Cultural Perspectives Comparison-Contrast

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Culture is described as shared behavioral behaviors and experiences learned by socialization. Religion and diet are examples of cultural elements, as are dress, marriage, and people’s values. Many cultures have firmly ingrained traditions and convictions in ancient theology. Polytheism, polygamy, wife succession, and patriarchy are some of the traditional group values. Chinua Achebe’s “Things Fall Apart” depicts one such society. Chinua has attempted to depict the contrast between civilizations between the Igbo and Western cultures in this captivating piece of art. The writer has employed the use of various linguistic styles such as imagery to capture the attention of his intended audience.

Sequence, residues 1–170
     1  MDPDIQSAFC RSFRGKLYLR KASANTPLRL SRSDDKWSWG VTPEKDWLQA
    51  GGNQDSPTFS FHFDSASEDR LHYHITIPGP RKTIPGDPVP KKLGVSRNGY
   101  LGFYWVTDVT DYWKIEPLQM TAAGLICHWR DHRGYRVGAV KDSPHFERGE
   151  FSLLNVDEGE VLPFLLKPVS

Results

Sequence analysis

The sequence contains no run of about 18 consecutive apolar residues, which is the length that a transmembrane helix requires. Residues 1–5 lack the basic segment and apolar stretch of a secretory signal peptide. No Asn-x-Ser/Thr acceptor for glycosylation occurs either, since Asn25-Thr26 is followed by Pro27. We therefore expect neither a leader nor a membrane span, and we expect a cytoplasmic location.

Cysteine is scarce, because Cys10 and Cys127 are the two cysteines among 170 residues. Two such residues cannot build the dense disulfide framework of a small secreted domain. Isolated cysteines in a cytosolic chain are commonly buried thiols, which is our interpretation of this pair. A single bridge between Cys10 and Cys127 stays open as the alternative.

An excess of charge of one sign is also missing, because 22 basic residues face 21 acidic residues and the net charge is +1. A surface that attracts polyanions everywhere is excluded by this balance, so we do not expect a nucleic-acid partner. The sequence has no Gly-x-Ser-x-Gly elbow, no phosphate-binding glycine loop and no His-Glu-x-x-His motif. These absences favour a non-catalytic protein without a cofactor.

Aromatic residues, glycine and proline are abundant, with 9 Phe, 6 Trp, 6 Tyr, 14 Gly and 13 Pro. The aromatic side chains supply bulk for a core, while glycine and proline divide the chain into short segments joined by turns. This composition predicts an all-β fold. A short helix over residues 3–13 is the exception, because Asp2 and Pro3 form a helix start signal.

Polygamy and polytheism are part and parcel of the Umuofian clan’s custom. The role and responsibility of each family member is clearly defined. The men are portrayed as being overly domineering. The women and children is contrast are treated as being inferior in the society. Consequently they are often beaten and degraded by the dominant males. Life in Chinua Achebe’s Umuofia seems unbearable, languishing in the shackles of male chauvinism. Most of the cultural practices of the Umuofia people are simply archaic and have no place in the modern day Western culture (Achebe et al., 2010).